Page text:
The spectre of football violence in Italy resurfaced on Sunday after the shooting dead of a fan by a policeman sparked nationwide disturbances which forced the suspension of three first division matches.
The victim, named as 26-year-old Gabriele Sandri, was killed by a police officer at a motorway service station in Arezzo in what was a “tragic error”, authorities in the central Tuscany region said.
The death comes just nine months after a police officer was killed outside the Catania Stadium in Sicily, leading the government to reinforce measures against violence in stadia. The Catania tragedy in February led to a suspension of Italian football, with numerous stadia forced to make improvements to ensure improved security, but nothing major happened.
According to witness reports, Sandri was travelling to Milan by car with other fans to attend the match against Inter Milan when they clashed with Juventus fans at a service station.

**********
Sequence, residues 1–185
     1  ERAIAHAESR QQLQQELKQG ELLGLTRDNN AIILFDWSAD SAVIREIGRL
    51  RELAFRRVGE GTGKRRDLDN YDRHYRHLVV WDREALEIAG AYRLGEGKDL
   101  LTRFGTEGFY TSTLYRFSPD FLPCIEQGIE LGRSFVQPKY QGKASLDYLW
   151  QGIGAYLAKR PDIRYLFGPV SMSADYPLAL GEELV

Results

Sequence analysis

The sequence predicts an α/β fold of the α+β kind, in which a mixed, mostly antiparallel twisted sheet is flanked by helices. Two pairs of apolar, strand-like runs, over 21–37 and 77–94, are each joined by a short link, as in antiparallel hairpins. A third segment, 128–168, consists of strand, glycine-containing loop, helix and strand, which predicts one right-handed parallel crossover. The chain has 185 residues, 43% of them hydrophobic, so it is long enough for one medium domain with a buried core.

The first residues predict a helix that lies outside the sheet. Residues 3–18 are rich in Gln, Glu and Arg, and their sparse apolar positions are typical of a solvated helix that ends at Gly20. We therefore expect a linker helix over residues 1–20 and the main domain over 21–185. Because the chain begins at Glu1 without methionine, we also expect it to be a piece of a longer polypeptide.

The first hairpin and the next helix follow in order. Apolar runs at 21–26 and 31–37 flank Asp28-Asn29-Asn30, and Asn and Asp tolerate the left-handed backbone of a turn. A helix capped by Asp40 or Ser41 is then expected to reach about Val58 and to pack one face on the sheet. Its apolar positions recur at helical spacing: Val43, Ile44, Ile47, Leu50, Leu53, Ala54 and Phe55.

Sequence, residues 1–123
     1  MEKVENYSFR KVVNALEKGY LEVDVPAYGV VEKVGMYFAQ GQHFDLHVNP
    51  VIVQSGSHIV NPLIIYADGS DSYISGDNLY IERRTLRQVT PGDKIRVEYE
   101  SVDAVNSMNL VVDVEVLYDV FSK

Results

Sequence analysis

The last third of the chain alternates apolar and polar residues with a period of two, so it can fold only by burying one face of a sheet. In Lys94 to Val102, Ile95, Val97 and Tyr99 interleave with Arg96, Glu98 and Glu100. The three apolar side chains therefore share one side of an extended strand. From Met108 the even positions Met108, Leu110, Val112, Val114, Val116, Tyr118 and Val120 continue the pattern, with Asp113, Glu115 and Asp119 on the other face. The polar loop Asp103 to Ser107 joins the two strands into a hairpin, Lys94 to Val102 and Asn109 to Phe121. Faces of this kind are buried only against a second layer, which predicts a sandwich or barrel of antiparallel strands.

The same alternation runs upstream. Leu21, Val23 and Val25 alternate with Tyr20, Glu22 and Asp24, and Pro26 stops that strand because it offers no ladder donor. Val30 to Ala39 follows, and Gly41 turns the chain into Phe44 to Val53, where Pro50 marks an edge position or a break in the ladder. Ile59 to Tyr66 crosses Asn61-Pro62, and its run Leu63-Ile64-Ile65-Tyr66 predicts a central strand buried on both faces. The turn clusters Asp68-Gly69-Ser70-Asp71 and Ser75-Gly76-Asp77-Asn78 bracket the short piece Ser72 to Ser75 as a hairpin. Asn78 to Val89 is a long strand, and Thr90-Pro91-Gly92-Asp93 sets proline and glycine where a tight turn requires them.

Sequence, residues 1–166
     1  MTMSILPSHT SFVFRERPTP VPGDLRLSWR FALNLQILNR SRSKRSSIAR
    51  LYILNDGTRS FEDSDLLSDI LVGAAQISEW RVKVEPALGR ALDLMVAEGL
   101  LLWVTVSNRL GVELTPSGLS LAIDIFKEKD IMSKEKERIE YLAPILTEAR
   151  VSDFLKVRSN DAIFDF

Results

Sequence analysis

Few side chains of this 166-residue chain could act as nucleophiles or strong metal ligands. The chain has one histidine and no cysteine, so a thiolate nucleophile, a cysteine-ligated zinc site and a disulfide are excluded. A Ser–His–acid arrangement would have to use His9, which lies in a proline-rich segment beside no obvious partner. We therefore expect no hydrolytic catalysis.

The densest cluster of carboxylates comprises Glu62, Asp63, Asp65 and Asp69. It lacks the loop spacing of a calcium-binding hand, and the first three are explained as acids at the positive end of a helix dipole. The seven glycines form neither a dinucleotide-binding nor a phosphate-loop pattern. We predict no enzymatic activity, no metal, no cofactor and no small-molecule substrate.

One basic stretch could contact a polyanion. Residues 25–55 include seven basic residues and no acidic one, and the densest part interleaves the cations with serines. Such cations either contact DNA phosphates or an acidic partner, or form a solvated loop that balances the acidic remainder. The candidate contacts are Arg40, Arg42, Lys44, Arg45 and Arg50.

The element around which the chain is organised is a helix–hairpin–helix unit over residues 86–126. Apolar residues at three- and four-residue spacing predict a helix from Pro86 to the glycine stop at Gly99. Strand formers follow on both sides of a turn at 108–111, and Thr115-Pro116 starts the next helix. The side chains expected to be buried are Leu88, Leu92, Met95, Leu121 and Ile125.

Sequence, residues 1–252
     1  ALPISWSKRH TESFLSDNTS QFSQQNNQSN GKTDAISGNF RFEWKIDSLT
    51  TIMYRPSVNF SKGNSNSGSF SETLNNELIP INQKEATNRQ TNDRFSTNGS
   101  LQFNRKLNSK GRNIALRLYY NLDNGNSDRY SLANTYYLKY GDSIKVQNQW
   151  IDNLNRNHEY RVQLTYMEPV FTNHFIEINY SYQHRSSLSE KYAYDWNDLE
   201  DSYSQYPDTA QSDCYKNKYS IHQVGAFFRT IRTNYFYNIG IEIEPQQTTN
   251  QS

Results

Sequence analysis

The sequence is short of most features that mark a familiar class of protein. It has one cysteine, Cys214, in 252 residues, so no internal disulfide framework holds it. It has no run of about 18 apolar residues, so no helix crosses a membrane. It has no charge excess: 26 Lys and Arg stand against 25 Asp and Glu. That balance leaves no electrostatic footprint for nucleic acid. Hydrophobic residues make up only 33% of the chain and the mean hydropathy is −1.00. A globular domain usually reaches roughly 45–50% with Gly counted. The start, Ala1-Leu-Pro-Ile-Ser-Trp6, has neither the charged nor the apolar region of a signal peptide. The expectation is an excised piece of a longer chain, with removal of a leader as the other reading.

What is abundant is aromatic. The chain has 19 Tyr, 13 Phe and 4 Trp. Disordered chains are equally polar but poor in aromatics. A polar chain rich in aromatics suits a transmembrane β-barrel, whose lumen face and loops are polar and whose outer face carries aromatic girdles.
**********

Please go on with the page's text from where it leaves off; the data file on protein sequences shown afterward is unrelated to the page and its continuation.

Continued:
A police officer who was in the area intervened and Sandri, who was sitting in his car, was fatally hit in the neck by gunfire.
The Italian Football Federation later announced that the match between Lazio and Inter Milan had been postponed.
As a mark of respect seven other Serie A matches scheduled Sunday started 10 minutes late with the players and referees wearing black armbands.
Outside the stadium in Rome, where the game between AS Roma and Cagliari had also been cancelled, at least three people and six policeman were injured in clashes.
In Bergamo, Atalanta fans clashed with police before their home game against AC Milan, forcing the referee to halt play seven minutes after kick-off. The Atalanta ‘ultras’ charged the protection glass separating fans from the pitch, breaking it in two places.
After several minutes referee Massimiliano Saccani sent both teams back into the locker room. The game was later suspended.
Italian officials meet
Milan: Italian soccer authorities were meeting on Monday to discuss measures aimed at tackling widespread fan violence.
At least 40 police were hurt in Rome alone, officials said.